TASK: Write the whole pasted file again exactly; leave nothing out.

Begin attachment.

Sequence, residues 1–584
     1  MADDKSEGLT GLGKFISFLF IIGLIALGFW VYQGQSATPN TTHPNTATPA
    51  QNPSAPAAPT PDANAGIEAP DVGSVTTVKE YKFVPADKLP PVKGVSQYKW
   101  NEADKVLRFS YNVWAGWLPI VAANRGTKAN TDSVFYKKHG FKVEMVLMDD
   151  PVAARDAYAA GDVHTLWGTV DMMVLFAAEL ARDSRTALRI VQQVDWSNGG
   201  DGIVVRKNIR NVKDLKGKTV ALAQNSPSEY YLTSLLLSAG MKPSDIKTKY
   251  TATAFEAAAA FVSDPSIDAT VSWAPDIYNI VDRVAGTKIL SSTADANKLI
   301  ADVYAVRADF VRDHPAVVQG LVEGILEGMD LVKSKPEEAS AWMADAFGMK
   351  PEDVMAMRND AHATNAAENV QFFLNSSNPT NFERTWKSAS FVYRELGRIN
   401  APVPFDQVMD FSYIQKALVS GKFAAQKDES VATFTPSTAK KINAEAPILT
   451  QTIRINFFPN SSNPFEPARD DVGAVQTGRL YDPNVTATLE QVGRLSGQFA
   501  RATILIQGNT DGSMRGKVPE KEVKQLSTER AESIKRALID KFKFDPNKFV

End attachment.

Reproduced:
Sequence, residues 1–584
     1  MADDKSEGLT GLGKFISFLF IIGLIALGFW VYQGQSATPN TTHPNTATPA
    51  QNPSAPAAPT PDANAGIEAP DVGSVTTVKE YKFVPADKLP PVKGVSQYKW
   101  NEADKVLRFS YNVWAGWLPI VAANRGTKAN TDSVFYKKHG FKVEMVLMDD
   151  PVAARDAYAA GDVHTLWGTV DMMVLFAAEL ARDSRTALRI VQQVDWSNGG
   201  DGIVVRKNIR NVKDLKGKTV ALAQNSPSEY YLTSLLLSAG MKPSDIKTKY
   251  TATAFEAAAA FVSDPSIDAT VSWAPDIYNI VDRVAGTKIL SSTADANKLI
   301  ADVYAVRADF VRDHPAVVQG LVEGILEGMD LVKSKPEEAS AWMADAFGMK
   351  PEDVMAMRND AHATNAAENV QFFLNSSNPT NFERTWKSAS FVYRELGRIN
   401  APVPFDQVMD FSYIQKALVS GKFAAQKDES VATFTPSTAK KINAEAPILT
   451  QTIRINFFPN SSNPFEPARD DVGAVQTGRL YDPNVTATLE QVGRLSGQFA
   501  RATILIQGNT DGSMRGKVPE KEVKQLSTER AESIKRALID KFKFDPNKFV